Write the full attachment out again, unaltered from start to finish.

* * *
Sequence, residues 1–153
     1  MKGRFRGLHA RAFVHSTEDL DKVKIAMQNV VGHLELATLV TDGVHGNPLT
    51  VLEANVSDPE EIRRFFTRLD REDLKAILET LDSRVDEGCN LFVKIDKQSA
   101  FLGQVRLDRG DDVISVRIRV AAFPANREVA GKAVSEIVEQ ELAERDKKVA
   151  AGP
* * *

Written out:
Sequence, residues 1–153
     1  MKGRFRGLHA RAFVHSTEDL DKVKIAMQNV VGHLELATLV TDGVHGNPLT
    51  VLEANVSDPE EIRRFFTRLD REDLKAILET LDSRVDEGCN LFVKIDKQSA
   101  FLGQVRLDRG DDVISVRIRV AAFPANREVA GKAVSEIVEQ ELAERDKKVA
   151  AGP